Most of us remember our teen years with a bittersweet mixture of nostalgia and pain. Even as adults, we never forget the confusion, loneliness, and anger that often accompanies one through that pivotal time between childhood and adulthood.
Parenting a teen is a different story altogether, and if you find yourself struggling to understand your teen's sudden change of mood and behavior, you may be wondering if there's a reason for concern.
There are certain signs that your teen may be dealing with something more than mere growing pains, and here are some of the most common indicators that professional help might be necessary.
Most teenagers desire a certain degree of privacy, which should in turn be respected. However, if your teen has completely withdrawn from all forms of social engagement, at home and elsewhere, with little to no communication, there may be an underlying cause.
While it's entirely normal for a teenager to remove themselves as far as possible from the potential embarrassment of parents and siblings, withdrawing completely from all social activities, hobbies, and the company of friends and family could be a sign of maladjustment.
2. Anger Issues
Intense and often conflicting emotions are natural in teens while they navigate the adult world.
After all, they are still children in many ways, and just as children are prone to intense outbursts, no doubt your teen is entitled to a few of their own.
But if your teenager's default setting seems to be perpetual rage, they may be grappling with an issue they can't articulate, but only direct anger at.
3. Poor Grades
While not everyone can be a straight-A student, if you've noticed your teen's grades dropping suddenly and seemingly without reason, you have a right to be concerned.
Loss of attentiveness and lack of motivation will naturally affect one's grades, and could be indicative of a problem in school.
4. Irregular Eating and Sleeping Habits
While teenagers aren't exactly known for their lifestyle choices, it's your job to see that yours maintains a healthy eating and sleeping schedule.
If you've noticed your teen is not eating or, conversely, is overeating, as well as getting too little or too much sleep, that disruption could be affecting their physical and mental health, as well as their academic performance.
5. Substance Abuse
Teens are bound to experiment, but addiction can and does occur in young people, be it substance-related or behavioral. If you suspect or know that your teen has an addiction, it's absolutely crucial that you seek professional help.
6. Acting Out
Our teenage years are, for the most part, a time for rebellion--think back to when you were young and what you felt you needed to push back against.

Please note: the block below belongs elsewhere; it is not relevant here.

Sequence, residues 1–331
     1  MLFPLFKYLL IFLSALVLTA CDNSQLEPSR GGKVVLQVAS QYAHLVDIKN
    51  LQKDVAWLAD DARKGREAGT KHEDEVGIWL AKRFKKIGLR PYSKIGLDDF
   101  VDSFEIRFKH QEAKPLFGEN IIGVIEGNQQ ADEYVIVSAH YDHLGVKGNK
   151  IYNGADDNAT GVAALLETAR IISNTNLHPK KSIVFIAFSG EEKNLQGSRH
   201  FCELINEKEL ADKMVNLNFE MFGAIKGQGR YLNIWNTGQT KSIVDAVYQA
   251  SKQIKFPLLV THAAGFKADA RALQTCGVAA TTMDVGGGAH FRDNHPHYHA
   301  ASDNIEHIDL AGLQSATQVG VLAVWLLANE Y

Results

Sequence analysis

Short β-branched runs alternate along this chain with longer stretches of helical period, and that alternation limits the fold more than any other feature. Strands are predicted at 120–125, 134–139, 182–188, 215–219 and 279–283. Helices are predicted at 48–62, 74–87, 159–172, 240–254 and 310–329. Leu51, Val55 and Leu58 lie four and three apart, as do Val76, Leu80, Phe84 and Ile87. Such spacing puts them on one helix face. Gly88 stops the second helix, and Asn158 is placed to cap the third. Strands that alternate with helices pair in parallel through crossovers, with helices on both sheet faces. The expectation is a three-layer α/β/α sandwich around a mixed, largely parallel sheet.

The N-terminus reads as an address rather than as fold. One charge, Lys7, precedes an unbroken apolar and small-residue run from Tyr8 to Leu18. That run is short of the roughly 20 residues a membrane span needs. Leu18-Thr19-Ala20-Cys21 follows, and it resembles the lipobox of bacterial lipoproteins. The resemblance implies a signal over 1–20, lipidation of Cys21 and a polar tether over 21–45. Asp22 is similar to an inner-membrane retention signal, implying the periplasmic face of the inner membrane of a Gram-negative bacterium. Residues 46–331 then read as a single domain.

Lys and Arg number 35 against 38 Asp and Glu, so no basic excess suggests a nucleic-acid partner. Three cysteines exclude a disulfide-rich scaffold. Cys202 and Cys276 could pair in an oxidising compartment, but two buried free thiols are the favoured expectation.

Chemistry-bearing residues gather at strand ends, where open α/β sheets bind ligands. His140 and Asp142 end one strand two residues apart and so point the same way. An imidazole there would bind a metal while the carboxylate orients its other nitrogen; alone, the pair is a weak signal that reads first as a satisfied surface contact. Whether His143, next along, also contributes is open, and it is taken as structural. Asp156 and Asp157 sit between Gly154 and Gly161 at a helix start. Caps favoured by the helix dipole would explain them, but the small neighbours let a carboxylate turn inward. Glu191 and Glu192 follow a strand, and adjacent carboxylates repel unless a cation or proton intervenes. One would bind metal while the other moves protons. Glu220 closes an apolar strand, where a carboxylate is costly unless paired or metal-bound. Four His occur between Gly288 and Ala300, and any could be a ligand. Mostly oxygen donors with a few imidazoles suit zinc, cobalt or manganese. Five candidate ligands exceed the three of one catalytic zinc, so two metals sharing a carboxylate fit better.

Authority figures, rigid regimes, and the confusing onslaught of adult responsibilities that come with limited freedom are all understandable triggers, but if your teen is actively engaging in disruptive behavior that affects others you have a responsibility to step in.
Theft, destruction of property, fighting, and routine substance abuse all fall under red flag territory, and should be taken seriously.
7. Self Harm
If your teen engages in self harm like cutting, burning, deliberately painful physical alterations, or risky behavior, you should seek professional help right away. This includes talk of suicide, suicide idealization, and most certainly attempt of suicide.
Mental Health And Your Teen
Mental illnesses such as depression and anxiety tend to appear during puberty, and there's a chance your teen may be struggling with the early signs.
Below we'll discuss the types of therapy available, and why it's crucial to get help now.
How A Therapist Can Help
There are many types of therapy that have been known to help teens and their families cope with mental health and behavioral issues, including:
Cognitive behavioral therapy, which is ideal for positively managing thoughts, emotions, and actions
One-on-one therapy, with additional peer support
Family group therapy
Creative therapy, which focuses on self-expression
There are several reasons why you're teen should speak to a professional therapist, rather than solely with an authority figure.
A therapist is an objective presence with no emotional attachments or personal history, which means they can offer insights based on collected information, observations, and methods founded in psychological study.
Your teen may also feel more comfortable speaking with someone outside of their social and familial circles, who will neither judge nor mock their feelings.
While no parent wants to hear it, you may actually be part of your teen's problem, which a therapist will be able to detect and bring to your attention (along with the necessary tools to correct damaging response patterns).
For example, if you're indulging your teen rather than taking a progressive stance, a therapist can help you reestablish a healthy relationship in which boundaries are set and respected.
What Kind Of Therapy Is Right For Your Teen?
While in-office therapy is still the traditional choice of many, online therapy has enjoyed massive popularity in recent years due to its convenient structure and gentler price tag.
With all sessions conducted entirely online via your electronic device of choice, typically through chat messenger or video conference call, online therapy connects users with fully licensed professionals, many of whom specialize in teen therapy.
Online therapy is particularly preferable for teens due to the privacy it offers, as well as ease of technology. Many online therapists operate on a sliding scale payment structure, while a number of platforms charge a flat monthly fee.